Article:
A study published in the Archives of General Psychiatry has now revealed that the risk of recurrent depression in diabetics may be effectively prevented by the antidepressant medication, Sertraline. In addition to reducing the frequency of depressive episodes, the drug has also been found to increase the time interval between episodes of depression in diabetics.
It is believed that one in 4 diabetics end up with a diagnosis of clinical depression, leading to a substantial reduction in the quality of life and functional ability. In addition, it can increase the risk of high blood sugar level, diabetic complications and even death.
Conventional treatment with psychotherapy and anti-depressant medication has been found to be effective. However, this is only useful in short term. Furthermore, previous studies have shown that 1 in 7 diabetic patients developed resistance to the commonly used anti-depressant medication owing to incidence of recurrent depression, placing them at an increased risk for abnormally high blood sugar levels.
Following detection of depression associated symptoms; the patients underwent a psychiatric interview. The patients' hemoglobin levels, more specifically Hb A1c, an indicator of the blood glucose control level over the past two or three months was measured every two months.
At the end of the study, patients taking sertraline had a reduced risk of developing recurrent depression when compared to their counterparts. At the end of one year, 65.8% of the patients taking sertraline remained in remission from their depression, compared with 47.9% of those in the control group. The time interval between recurrent episodes of depression was found to be 226 days and 57 days in the sertraline and the control group respectively.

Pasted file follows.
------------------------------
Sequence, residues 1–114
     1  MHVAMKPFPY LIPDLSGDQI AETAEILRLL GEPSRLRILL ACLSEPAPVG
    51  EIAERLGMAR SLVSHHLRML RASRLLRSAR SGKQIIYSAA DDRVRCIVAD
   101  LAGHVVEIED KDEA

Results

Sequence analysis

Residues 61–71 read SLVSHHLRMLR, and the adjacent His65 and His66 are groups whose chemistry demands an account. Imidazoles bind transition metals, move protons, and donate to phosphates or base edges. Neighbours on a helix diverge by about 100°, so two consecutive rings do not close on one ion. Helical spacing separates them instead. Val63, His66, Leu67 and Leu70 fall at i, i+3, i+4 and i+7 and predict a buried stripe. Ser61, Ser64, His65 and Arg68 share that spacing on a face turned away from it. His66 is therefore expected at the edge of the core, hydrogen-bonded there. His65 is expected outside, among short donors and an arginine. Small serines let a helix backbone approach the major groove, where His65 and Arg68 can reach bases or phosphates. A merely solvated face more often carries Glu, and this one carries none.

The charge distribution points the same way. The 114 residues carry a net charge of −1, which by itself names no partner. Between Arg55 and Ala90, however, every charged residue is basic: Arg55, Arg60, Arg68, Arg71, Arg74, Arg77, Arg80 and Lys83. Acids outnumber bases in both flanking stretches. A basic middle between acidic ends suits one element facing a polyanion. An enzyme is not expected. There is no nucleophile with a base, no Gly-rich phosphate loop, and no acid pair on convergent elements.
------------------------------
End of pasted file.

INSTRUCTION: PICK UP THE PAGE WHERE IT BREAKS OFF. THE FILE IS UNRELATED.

'Using data available at the one-year point, the number needed to be treated was six patients, i.e., it would be necessary to treat six patients to spare one patient from depression recurrence,' the authors write. All participants' Hb A1c levels had decreased when they recovered from depression and remained lower as long as they remained depression-free, with no difference between the two study groups. Depression is increasingly understood as a recurrent and debilitating disease, especially for those with diabetes, the authors write. Physicians suspect that the more time an individual spends depressed, the greater the risk for diabetic complications and death. 'Our study establishes a clear benefit of sertraline for prevention of depression recurrence in patients with diabetes,' remarked the study authors.
'Sertraline lengthened the depression-free interval of maintenance and did not interfere with glycemic improvement achieved during the recovery phase. Treatment with sertraline is relatively simple, safe and widely available, and although it is not curative, it offers patients with diabetes a potentially viable method for ameliorating the suffering, incapacity and burden associated with recurrent depression,' concluded the researchers.